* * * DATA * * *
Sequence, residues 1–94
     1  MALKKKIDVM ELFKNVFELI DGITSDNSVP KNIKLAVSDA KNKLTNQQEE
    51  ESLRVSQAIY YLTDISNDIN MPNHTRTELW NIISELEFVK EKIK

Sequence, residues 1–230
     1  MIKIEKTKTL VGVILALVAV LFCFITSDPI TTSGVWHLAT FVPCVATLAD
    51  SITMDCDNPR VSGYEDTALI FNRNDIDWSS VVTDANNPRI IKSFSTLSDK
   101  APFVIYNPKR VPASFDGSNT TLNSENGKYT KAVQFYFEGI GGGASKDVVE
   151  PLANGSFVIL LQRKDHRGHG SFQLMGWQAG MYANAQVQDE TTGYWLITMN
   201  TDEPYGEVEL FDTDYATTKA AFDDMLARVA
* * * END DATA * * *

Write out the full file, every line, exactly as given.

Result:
Sequence, residues 1–94
     1  MALKKKIDVM ELFKNVFELI DGITSDNSVP KNIKLAVSDA KNKLTNQQEE
    51  ESLRVSQAIY YLTDISNDIN MPNHTRTELW NIISELEFVK EKIK

Sequence, residues 1–230
     1  MIKIEKTKTL VGVILALVAV LFCFITSDPI TTSGVWHLAT FVPCVATLAD
    51  SITMDCDNPR VSGYEDTALI FNRNDIDWSS VVTDANNPRI IKSFSTLSDK
   101  APFVIYNPKR VPASFDGSNT TLNSENGKYT KAVQFYFEGI GGGASKDVVE
   151  PLANGSFVIL LQRKDHRGHG SFQLMGWQAG MYANAQVQDE TTGYWLITMN
   201  TDEPYGEVEL FDTDYATTKA AFDDMLARVA